Sunday, April 13, 2008

Ain't Nothin Pointless About This Gig

When I was little - knee-high to a grasshopper as they say - Mom had a vinyl record that I loved to listen to over and over, by an artist named Harry Nilsson. This record was not your typical record. It had music on it for sure, but it also had a story - a very pointed story - and that story was appropriately called, The Point.

So far in my lifetime, I haven't met anyone who remembers this story when I ask if they've heard of it, which I find a little strange (and sad since it was an excellent piece of entertainment), but I did find some movie captures from the DVD on YouTube so I know I'm not the only one that finds it enchanting.

If you read the Wikipedia information on Nilsson, he's had his hand in everything from The Muppet Show to My Name is Earl, but not many people seem to recall who he was offhand. His career seemed a bit jinxed. The two songs you would probably recognize are "Coconut" (...you put the lime in the coconut and drank 'em both up...) and Everybody's Talkin' (yes, that one: everybody's talkin at me/I can't hear a word they're saying/only the echoes of my mind...), but I'll bet you wouldn't have been able to recall it was him that sang those. I was also surprised to learn from Wikipedia how connected to the The Monkees he was. I loved everything about The Monkees when I was a kid! And although I knew Ringo Starr did the narration on the DVD of The Point, I didn't realize how connected he was to the Beatles as well. But I digress...

In hindsight, I can see how this story may have influenced my thinking in a very positive way for the rest of my life. I can't tell you how many times a line or song would come to mind long after the LP disappeared. It's probably been a good 20+ years since I've owned a copy of it, so I went looking for it online the other night.

I know the record has been out there the whole time, and is out there still, available this very moment on Amazon in fact. I just don't understand why, in this recent age of apparent awakening of the Collective Conscious, it hasn't taken off like a shot. Maybe Oprah hasn't heard of it yet.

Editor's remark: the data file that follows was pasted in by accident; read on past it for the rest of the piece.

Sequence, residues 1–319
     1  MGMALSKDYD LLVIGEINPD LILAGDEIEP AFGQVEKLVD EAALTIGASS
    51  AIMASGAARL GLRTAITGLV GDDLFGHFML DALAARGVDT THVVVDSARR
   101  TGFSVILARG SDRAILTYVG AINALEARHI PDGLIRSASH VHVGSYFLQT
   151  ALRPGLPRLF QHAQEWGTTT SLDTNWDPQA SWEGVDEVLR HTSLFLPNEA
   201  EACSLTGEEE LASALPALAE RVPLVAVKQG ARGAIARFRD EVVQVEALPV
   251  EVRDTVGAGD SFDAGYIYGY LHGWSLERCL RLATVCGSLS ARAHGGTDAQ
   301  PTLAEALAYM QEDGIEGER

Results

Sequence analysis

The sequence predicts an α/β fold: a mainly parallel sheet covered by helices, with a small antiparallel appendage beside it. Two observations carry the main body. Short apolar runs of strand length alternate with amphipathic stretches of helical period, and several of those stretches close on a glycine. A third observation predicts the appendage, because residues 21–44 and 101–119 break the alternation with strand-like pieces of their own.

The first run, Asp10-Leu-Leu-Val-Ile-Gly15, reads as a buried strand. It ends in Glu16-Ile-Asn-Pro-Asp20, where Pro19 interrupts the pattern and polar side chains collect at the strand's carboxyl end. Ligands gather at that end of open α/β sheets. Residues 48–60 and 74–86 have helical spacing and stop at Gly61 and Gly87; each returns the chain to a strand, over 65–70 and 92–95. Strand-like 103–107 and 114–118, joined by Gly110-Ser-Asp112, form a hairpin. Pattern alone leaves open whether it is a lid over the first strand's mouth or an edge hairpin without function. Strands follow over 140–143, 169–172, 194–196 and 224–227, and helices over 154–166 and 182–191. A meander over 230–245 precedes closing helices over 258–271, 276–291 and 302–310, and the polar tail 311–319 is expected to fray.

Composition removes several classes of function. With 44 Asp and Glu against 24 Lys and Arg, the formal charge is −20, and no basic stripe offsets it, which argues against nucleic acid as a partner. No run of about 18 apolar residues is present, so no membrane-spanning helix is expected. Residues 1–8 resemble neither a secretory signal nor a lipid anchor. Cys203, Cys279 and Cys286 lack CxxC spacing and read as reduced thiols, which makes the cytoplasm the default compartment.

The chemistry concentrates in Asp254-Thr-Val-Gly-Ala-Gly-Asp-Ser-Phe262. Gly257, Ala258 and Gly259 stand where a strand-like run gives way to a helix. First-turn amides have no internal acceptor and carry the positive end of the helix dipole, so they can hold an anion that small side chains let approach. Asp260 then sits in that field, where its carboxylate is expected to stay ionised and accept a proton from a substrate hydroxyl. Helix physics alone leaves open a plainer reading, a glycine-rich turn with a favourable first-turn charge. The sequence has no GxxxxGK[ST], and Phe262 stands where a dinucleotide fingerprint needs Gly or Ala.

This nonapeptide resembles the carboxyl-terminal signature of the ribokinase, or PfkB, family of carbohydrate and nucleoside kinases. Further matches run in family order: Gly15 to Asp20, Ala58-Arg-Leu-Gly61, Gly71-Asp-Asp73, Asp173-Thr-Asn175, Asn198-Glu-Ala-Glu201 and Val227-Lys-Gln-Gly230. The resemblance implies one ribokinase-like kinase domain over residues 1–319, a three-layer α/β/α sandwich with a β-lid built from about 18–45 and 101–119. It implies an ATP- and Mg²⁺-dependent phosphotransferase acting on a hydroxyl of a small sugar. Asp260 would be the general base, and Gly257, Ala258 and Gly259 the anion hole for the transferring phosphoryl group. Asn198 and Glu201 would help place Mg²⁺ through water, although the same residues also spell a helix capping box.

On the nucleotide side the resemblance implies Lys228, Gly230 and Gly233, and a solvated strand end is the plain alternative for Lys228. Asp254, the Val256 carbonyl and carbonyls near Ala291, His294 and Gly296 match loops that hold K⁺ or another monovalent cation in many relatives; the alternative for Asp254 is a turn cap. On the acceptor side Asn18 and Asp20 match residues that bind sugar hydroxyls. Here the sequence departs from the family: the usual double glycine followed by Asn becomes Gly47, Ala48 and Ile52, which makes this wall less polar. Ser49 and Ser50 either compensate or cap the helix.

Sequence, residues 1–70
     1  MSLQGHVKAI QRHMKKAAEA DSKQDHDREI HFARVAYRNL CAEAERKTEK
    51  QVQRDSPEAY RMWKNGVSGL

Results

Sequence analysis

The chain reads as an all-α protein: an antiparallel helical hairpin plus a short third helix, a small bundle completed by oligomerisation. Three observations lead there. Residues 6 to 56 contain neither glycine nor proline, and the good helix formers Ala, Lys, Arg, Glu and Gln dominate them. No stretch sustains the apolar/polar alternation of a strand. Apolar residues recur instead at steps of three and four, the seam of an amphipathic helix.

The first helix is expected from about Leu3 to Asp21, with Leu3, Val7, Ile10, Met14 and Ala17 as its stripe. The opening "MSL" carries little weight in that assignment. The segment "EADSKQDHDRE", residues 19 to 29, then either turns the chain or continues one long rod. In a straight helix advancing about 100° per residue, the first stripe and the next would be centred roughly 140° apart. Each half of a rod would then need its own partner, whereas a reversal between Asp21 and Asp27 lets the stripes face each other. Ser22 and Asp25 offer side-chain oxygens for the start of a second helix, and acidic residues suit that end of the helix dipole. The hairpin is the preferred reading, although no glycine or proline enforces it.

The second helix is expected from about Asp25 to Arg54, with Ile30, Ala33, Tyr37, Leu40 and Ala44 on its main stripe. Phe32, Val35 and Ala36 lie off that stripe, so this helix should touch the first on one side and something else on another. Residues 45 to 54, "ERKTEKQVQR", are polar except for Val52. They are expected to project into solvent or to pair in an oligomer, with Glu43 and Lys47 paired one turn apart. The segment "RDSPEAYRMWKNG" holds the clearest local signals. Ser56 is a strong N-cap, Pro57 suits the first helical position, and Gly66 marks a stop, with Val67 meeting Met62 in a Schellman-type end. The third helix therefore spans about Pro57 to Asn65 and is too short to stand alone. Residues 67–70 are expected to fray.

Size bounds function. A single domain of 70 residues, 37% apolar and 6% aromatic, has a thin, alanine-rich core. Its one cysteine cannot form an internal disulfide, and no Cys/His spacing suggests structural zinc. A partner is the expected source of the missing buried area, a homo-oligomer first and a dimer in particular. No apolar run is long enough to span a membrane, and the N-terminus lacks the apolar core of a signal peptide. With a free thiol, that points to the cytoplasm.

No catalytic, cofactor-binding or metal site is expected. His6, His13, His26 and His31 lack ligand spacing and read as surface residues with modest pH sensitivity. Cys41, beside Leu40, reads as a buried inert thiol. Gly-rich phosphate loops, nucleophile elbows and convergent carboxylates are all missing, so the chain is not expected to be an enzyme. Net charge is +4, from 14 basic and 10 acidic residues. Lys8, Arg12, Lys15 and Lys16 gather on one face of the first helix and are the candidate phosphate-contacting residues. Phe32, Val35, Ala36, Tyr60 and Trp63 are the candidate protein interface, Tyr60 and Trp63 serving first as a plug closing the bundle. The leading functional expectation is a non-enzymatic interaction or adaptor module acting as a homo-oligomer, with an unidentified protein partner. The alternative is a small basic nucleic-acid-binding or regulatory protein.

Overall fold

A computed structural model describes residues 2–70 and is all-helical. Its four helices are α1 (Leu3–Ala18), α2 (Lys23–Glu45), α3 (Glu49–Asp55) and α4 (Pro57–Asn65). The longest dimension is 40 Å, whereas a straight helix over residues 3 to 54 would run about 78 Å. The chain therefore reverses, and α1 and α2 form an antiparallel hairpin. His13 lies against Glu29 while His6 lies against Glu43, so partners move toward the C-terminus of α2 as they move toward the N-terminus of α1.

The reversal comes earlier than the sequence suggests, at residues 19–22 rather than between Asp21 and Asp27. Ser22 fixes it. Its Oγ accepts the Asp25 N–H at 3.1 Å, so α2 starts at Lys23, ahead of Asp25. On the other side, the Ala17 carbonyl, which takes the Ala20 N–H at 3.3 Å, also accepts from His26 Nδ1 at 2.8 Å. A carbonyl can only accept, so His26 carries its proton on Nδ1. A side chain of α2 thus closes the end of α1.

I'm here to tell you though, if you enjoy wordplay and double entendre, the message behind the message, and an enlightened kind of thinking, you should buy this story because you will love listening to it over and over, no matter how old you are. If nothing else, buy it for your kids (or nieces, nephews, etc.) because they will be better people for listening to it and being influenced by the ideas.

The story starts:

Years ago there was a place called The Land of Point, and that was because everything in The Land of Point had one. The barns, the houses, the carts, everything. Even the people. Everyone in The Land of Point had a point on the top of his head. Everyone, that is, with the exception of Oblio.

Now, although Oblio was born to a set of normally pointed parents, and although he was born physically perfect in every other respect, he was born without a point. He was round-headed. And as time passed, Oblio became increasingly aware of his uniqueness, and so did everyone else. Which made life in The Land of Point rather uncomfortable for him, and his parents.

You see, Oblio became sort of an involuntary celebrity and he was subject to the sometimes cruel and unusual harassment from his schoolmates. It wasn't easy being the only pointless person in the whole Land of Point. And in an effort to make life easier, his mother knitted a pointed cap for him to wear. It was to conceal his pointless condition, but it didn't do much good because everyone knew he didn't have a point, so it only managed to make Oblio a little lonelier. In fact, the only real friend he had was his dog, Arrow.

Nilsson's song Me and My Arrow comes in here on the audio recording. After that the narration goes on to describe how Oblio and Arrow win a game against the villain of the story, are put on trial, and are consequently banished to the Pointless Forest (which turns out to be not so pointless after all). In their travels, they meet many interesting characters, but my favorite is The Rock Man.

After a journey through The Pointless Forest, Oblio and Arrow return to the Land of Point with a new point of view, which they share with the villagers. Something very interesting happens then, but I don't want to spoil the end, so you'll just have to find out what The Point is for yourself. :)

The original audio recording is so much better than the DVD in my opinion (except for the wisdom of The Rock Man, which was expanded in the animated version). I've always thought plain audio (or books for that matter) are better because they allow your imagination the freedom to create its own scenes and characters. Don't get me wrong, I love movies too and I see a lot of them, but you can't always allow Hollywood to do all the work for you.

Anyway, I'm sure you get The Point. :D

1 comment:

Chucka Stone Designs said...

Sounds very interesting, will have to look into that one because I, like all the other people you have talked to, have never even heard of this story! Could be a nice one to share with our nephews though, thanks for the recommendation :~)